In the case of the French “Grandes Ecoles”, however, having an IB diploma can be an advantage, institutions such as Sciences Po or HEC favoring them over the “classic” bac.
In the event that your child wishes to go to higher education in a country other than France, the IB system will be preferred.
It will indeed be easier for your child to meet the language requirements in English set by international universities around the world after having completed an IB in English.
This is all the more valid if your child is a particularly good student. If he outclasses his peers in his IB scores, his file will be more visible than that of a French bachelor who obtained a “very good” mention, which will be less meaningful for non-French establishments.
Finally, in certain cases, notably in the United States, the equivalences are more favorable for the IB compared to the French baccalaureate, making it possible to shorten the duration of studies, which will considerably reduce expenses. Indeed, studies in the U.S.A being particularly expensive, perhaps it is worthwhile to opt for an IB which, initially will be more expensive than a French education, but may subsequently allow savings. We urge you to check with American universities to find out more.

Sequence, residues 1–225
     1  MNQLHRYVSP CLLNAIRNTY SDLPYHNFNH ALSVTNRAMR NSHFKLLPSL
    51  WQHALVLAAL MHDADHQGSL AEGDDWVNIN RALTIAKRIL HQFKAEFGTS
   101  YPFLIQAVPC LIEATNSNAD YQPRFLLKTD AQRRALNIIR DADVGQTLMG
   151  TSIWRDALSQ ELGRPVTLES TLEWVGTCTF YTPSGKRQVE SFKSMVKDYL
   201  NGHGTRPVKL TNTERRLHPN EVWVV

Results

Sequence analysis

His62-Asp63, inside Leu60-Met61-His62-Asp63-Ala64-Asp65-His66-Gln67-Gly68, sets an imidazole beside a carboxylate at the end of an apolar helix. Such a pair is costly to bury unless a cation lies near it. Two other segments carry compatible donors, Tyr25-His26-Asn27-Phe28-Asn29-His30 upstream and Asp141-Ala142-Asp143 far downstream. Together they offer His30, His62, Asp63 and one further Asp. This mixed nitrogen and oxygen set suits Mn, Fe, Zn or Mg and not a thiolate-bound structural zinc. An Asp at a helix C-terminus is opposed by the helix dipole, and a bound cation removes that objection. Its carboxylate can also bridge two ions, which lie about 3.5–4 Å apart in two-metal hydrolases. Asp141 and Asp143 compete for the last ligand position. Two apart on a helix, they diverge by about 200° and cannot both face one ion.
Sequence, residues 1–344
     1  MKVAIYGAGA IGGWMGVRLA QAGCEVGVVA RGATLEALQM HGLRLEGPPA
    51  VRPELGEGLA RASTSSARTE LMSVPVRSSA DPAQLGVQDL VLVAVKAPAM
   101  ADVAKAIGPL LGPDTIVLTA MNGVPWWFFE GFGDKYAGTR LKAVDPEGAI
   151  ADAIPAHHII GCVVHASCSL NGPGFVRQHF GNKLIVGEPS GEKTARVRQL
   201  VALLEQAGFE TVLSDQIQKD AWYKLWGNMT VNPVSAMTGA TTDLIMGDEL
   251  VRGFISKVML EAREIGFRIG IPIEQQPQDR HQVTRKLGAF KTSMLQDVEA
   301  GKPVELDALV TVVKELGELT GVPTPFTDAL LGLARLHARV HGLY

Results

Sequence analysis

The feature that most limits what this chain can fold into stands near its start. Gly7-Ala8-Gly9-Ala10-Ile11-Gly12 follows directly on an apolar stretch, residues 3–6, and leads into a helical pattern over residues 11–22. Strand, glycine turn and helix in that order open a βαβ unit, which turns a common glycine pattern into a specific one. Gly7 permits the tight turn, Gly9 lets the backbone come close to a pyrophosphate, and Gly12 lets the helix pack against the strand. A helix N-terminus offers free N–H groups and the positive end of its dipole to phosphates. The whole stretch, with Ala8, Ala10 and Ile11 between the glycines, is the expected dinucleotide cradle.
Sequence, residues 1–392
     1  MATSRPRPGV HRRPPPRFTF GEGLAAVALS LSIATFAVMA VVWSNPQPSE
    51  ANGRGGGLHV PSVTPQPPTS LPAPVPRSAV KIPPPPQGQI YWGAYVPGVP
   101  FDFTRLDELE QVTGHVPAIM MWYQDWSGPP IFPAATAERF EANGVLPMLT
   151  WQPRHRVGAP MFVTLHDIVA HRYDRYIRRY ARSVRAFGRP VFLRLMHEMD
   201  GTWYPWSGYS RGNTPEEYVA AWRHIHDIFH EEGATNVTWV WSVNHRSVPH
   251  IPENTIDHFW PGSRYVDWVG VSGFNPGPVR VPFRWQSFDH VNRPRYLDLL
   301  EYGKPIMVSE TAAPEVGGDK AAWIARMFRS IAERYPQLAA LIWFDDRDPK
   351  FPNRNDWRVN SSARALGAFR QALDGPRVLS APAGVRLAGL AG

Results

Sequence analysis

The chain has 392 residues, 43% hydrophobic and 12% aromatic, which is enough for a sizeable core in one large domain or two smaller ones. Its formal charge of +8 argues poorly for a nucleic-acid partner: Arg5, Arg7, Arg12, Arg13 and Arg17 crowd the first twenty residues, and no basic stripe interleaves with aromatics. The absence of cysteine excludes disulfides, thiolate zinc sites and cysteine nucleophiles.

The question of social capital: equality
While the educational setting, structures, and men and women in a school are key to your child’s education, the students themselves are an integral part of their learning. Friends and peers influence your child, and making sure that he or she grows in a supportive environment is no luxury.
It’s no secret that the majority of expatriates benefit from privileged positions. Senior civil servants (diplomats to name a few), executives of prestigious companies, successful entrepreneurs, expatriate parents and their children have high social capital.
Because of the often prohibitive costs for the local populations (if not again for the elites), French and international high schools are populated by students mostly from privileged social backgrounds.